Home' Australian Ageing Agenda : AAA Jul-Aug 2012 Contents References:
1. DiMatteo MR. Formulary 1995; 30: 596--8, 601--2, 605.
2. Heneghan C, Alonso-Coello P, Garcia-Alamino JM, Perera R, Meats E, Glasziou P. Self-monitoring of oral
anticoagulation: a systematic review and meta-analysis. Lancet 2006;367:404-411.
3. Ansell J et al. Int J Cardiol 2005; 99: 37--45.
4. Butchart EG et al. J Thorac Cardiovasc Surg 2002; 123: 715-23.
Roche Diagnostics Australia Pty Limited., 31 Victoria Ave Castle Hill NSW 2154,
Phone: 02 9860 2222 ABN 29 003 001 205
COAGUCHEK, BECAUSE IT'S MY LIFE are trademarks of Roche.
The importance of compliance
• Compliance rate with long-term medication in general has been estimated at between 50% and 60%1
• Evidence shows that INR monitoring improves the quality of oral anticoagulation between 50% and 85%2
The obvious choice is partnering VKA and
CoaguChek® XS Plus for improved compliance
* Aged Care Standards and Accreditation Agency Ltd, Accreditation Standard 2, 2.7 Medication management.
Compliance and monitoring - inter-related
factors in oral anticoagulation
...two essential components for optimising
oral anticoagulation therapy enables quality of care.*
Warfarin -- a particular case in point
• This is increasingly prescribed as lifelong therapy for patients with mechanical heart valves, atrial
fbrillation or thrombophilic disorders, effectively preventing arterial embolism in a wide range of
• Maintaining INR within its therapeutic range is effectively achieved through monitoring
• Patients on warfarin who have had a heart valve replacement there was a 32% difference in survival
15 years between patients with low and high variability in anticoagulation control4
k XS Plus
Community Outreach Service at the Queensland University of
Although the service she runs caters primarily to people in
Brisbane and surrounding areas, Gibb regularly gives advice
to aged care staff from around Queensland and northern NSW,
which often involves looking at emailed photographs.
"At the moment it's not done formally; it's all completely
informal and literally just because we want to help," she says.
"But if it got to the point where it became something that we
really needed to build into our business model, then that's
something that we could easily do."
Some of those callers are from nursing homes where the
service has run outreach clinics, although Gibb says she found
that clinicians really want targeted support with tricky wounds
on hand when they need it.
She believes that specialised wound care software -- like that
used by LCHS, or Western Australia's impressive state-wide
advisory and education service, Wounds West -- is "definitely the
way of the future" for services like hers, and is very interested in
being involved in such a system.
Gibb is certainly not alone in describing electronic wound
management as 'the way of the future', but the technology
itself has a history in Australia going back to the late nineties,
when Professor Nick Santamaria and Associate Professor Lexie
Clayton developed the Advanced Medical Wound Imaging System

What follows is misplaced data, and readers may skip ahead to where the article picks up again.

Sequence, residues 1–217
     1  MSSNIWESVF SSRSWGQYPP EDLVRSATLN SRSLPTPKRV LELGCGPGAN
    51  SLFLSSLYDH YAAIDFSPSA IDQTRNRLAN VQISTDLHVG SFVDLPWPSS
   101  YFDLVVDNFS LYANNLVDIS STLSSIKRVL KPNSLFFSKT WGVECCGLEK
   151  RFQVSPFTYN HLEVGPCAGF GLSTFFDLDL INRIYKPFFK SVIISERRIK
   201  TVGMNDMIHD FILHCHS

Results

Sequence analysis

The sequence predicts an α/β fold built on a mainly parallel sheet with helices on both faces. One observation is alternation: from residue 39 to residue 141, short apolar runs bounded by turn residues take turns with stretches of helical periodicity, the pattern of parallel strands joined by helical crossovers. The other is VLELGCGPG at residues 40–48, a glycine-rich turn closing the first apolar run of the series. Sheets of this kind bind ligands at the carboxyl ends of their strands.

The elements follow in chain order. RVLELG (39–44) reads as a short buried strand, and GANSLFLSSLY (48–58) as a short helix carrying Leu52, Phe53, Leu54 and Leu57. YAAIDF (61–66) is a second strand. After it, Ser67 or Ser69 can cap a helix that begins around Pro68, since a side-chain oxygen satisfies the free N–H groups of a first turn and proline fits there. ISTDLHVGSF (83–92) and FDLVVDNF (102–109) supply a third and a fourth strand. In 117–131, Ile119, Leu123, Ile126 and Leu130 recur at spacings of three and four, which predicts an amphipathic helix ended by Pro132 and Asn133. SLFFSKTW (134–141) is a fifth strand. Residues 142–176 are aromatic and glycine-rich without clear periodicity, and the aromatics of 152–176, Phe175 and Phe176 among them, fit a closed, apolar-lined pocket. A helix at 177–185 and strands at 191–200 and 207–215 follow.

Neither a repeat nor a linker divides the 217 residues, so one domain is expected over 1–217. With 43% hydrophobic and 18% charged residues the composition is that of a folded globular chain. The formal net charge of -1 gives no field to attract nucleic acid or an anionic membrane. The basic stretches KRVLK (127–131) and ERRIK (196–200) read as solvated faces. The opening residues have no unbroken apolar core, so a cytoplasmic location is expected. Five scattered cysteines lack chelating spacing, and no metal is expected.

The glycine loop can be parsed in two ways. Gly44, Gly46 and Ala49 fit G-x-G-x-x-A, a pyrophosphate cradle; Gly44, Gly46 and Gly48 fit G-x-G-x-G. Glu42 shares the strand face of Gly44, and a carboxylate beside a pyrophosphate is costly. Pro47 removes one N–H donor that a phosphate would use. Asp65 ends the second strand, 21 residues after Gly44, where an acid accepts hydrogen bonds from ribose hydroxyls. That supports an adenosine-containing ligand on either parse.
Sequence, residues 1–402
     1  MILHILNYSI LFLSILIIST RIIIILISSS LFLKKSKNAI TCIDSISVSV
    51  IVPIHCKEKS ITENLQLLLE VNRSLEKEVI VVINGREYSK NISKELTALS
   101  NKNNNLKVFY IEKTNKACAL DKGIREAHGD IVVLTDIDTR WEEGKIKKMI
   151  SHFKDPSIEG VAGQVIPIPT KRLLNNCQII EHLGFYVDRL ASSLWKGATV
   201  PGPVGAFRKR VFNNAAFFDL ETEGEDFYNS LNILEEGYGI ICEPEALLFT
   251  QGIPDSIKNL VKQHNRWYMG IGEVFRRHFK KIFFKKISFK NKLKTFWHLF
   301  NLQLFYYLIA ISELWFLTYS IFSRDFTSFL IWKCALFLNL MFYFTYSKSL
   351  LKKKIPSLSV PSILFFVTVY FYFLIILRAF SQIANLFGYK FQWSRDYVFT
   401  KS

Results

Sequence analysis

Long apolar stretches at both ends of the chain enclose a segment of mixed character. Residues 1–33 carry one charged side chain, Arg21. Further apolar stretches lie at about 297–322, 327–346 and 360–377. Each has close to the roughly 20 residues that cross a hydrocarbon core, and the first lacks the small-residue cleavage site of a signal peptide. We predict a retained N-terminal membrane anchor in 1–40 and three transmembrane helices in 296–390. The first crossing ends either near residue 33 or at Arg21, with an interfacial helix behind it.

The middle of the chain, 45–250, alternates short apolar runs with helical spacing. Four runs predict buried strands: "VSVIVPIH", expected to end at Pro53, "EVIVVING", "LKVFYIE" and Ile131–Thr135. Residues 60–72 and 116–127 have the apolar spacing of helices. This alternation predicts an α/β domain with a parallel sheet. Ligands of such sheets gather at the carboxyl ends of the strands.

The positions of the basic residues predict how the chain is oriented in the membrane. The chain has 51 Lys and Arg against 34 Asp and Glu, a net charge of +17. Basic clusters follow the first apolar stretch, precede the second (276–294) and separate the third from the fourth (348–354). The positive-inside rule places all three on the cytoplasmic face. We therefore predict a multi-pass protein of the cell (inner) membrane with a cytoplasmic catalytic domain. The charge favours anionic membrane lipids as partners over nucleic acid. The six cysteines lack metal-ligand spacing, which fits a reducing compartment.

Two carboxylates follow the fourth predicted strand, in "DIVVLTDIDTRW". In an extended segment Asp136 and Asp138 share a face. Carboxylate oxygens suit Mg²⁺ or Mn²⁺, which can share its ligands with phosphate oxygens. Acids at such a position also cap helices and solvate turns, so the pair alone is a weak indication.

(AMWIS) at the University of Melbourne.
Professor Santamaria then moved to WA and led development
of the world-leading Wounds West system, while the AMWIS
earned its stripes in clinical trials and went on to be used widely
in Australia, including in aged care as a component of Leecare
Solutions' clinical software.
All of Australia's aged care software vendors now include
wound care modules in their clinical systems and increasingly,
staff are using mobile devices to assess and photograph wounds
at the point of care.
The exact specifications may vary but through these modules,
clinical software is providing the benefits of electronic wound
management, as described by Marianne Cullen, to a large section
of the aged care industry.
Accurate data is allowing them to improve their processes
over time, and shared access to client records -- with wound care
progress notes and photographs -- is enabling aged care staff to
work together across multiple sites to provide better care, just as
it is in Gippsland and all over Western Australia.
ALL IN THE IMAGES
As a research fellow from RDNS Victoria's research institute,
Suzanne Kapp has been involved in evaluating various wound
care technologies, mainly their imaging and measurement
Software like AMWIS, for example, accurately measures
and tracks different parts of the wound's surface area, using a
calibration measure on the skin.
Another system the RDNS Institute has evaluated -- the
Silhouette, made by ARANZ Medical -- does the same thing without
any contact, using a system of lasers, but may struggle to compete
on price with regular digital cameras or mobile devices.
In Kapp's experience, basic digital cameras can definitely
be used effectively for wound care; it just comes down to
So it probably pays to make sure staff are across basic
techniques like having the light source behind or to the side of
the camera, and simple settings like choosing the right 'white
balance' for more accurate colour reproduction in different kinds
of light -- such as fluorescent, tungsten or sunlight.
"We find that a fairly basic digital camera can take a
reasonable image," Kapp says. "It's a bit of a trick sometimes to
get a good image, but it's usually related to the environment --
the lighting and the positioning of the client -- more so than the
camera. Some of the phones today take amazing photos." n
AAA | JULY -- AUGUST 2012 | 43
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